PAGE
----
Livonia's Ryan Kesler makes parents proud

Published On: Feb 06 2014 01:19:59 PM EST   Updated On: Feb 06 2014 04:55:29 PM EST

Ryan Kesler is hoping for a better outcome in Sochi than Team USA had in Vancouver.

LIVONIA, Mich. -

Ryan Kesler is a forward for the Vancouver Canucks and will play the same position for Team USA in the Sochi Winter Olympics.

Ryan grew up in Livonia. His father, Mike, played college hockey and coached various levels for almost 40 years. It’s safe to say hockey was a way of life in the Kesler household.

Ryan’s mom, Linda, said her son’s love for the sport was evident very early on.

Watch: Extended interview with Kesler's parents

“Every book, going all the way back, all his drawings were him playing hockey. It was all stick figures and everything was hockey, hockey, hockey,” Linda said.

Ryan’s passion for the sport paid off. He found himself in the NHL at just 19 years old. His career grew from there. In 2011, he was named to the All-Star team and won the Selke Trophy – an award

given to the best defensive forward in the league.

His mom said she’s still shocked.

“I really never though he was going to make it to the NHL. It’s still hard for me to imagine he’s out there with the best,” she said.

This is also his second time on Team USA.

In 2010, Team USA lost a heartbreaker to the Canadians in the gold medal game. Sidney Crosby scored the game-winner in overtime. Ryan’s parents said that moment was especially tough for Ryan. They waited for more than an hour to meet with him after the game, but he never showed up.

Mike said his son told him that he was so angry that he had just been sitting there with his equipment still on. But Ryan and his parents know that a second chance is right around the corner.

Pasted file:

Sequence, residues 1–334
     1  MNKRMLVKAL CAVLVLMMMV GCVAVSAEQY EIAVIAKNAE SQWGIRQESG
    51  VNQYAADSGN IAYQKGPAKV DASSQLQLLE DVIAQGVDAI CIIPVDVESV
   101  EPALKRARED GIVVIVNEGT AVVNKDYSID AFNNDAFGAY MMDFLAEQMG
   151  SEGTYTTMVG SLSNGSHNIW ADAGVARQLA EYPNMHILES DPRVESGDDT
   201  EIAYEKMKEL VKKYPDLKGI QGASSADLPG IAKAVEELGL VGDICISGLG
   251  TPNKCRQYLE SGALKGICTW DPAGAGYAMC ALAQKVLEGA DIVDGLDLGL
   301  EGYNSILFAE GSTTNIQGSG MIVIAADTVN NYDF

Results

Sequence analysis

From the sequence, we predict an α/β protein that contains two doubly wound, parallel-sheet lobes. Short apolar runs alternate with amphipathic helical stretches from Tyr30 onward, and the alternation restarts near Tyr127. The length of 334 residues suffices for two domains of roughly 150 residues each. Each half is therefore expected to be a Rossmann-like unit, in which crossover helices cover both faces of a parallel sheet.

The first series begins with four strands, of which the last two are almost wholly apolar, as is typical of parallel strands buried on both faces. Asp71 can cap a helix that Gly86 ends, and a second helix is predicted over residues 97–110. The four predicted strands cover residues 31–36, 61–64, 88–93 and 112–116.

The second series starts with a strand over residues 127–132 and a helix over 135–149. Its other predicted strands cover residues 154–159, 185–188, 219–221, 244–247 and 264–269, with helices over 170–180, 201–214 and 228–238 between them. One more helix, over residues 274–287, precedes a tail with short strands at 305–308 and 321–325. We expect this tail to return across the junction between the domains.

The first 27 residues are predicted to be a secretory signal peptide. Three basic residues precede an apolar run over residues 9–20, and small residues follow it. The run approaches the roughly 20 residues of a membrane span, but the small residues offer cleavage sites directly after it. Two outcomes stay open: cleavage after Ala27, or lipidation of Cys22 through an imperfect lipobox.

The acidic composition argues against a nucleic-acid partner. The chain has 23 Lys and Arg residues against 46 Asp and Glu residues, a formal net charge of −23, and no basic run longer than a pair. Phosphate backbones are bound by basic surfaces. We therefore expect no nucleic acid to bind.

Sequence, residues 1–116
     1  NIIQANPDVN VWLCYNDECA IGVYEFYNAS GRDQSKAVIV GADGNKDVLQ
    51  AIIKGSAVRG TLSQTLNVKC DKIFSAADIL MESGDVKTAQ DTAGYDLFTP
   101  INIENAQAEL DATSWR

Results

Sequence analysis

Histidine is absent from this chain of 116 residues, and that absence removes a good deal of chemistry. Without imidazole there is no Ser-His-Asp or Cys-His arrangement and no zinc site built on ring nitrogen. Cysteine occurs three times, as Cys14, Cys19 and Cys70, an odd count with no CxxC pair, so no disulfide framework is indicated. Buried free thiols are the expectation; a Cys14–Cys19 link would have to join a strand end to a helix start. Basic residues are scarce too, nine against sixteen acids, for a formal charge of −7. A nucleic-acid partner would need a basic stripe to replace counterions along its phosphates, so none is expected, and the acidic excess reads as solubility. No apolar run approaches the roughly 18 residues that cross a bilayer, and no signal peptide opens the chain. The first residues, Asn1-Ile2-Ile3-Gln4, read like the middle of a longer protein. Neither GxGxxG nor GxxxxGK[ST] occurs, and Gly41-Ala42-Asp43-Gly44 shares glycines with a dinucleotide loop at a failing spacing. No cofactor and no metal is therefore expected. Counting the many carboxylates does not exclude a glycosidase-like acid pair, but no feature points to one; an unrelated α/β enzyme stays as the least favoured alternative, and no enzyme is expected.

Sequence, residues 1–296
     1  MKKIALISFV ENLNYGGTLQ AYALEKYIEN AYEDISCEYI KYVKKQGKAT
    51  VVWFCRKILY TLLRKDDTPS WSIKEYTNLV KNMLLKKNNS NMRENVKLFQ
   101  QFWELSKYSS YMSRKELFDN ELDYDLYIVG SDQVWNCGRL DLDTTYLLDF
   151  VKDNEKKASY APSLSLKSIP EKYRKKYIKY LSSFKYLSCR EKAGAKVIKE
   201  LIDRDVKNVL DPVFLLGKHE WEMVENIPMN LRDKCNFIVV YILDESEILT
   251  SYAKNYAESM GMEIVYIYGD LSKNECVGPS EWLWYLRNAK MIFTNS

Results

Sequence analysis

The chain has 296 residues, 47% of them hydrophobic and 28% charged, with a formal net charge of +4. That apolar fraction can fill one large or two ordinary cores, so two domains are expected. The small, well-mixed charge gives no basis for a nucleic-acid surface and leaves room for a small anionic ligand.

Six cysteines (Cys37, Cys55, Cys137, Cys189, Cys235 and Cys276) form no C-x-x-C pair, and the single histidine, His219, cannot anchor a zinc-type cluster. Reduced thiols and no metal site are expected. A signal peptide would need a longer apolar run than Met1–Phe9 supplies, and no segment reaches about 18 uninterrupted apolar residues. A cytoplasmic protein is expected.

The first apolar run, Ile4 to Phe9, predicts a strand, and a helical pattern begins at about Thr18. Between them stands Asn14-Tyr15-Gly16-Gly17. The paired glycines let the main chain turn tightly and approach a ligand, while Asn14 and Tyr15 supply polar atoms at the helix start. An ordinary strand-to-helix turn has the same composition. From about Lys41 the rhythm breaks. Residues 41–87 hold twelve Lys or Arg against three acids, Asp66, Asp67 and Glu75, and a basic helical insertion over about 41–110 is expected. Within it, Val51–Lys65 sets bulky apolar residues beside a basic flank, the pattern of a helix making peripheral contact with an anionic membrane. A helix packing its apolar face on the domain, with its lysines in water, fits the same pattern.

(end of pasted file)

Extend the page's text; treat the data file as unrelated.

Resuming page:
“They’re all good teams. That’s why it’s the Olympics. You know, best players, playing for the best teams,” Ryan said.

Ryan himself is considered a feisty player, with an engine that doesn’t quit. His surplus energy got him in trouble when he was younger. In fact, when asked if he was a troublemaker growing up, he answers: “Yeah, one hundred percent. I’ll admit it.”

But he’s got a fun side, too.

His parents said he once sang “that big butt song” at a banquet.

“I think David Booth actually paid me some money to go do that. I think it was like $5. It’s amazing. I cherish that $5,” Ryan said.


The views expressed below are not those of Click On Detroit, WDIV, or its affiliated companies. By clicking on "Post," you acknowledge that you have read the Terms of Service and your comment is in compliance with such terms. Readers, please help keep this discussion respectful and on topic by flagging comments that are offensive or inappropriate (hover over the commenter's name and you'll see the flag option appear on right side of that line). And remember, respect goes both ways: Tolerance of others' opinions is important in a free discourse. If you're easily offended by strong opinions, you might skip reading comments entirely.

blog comments powered by Disqus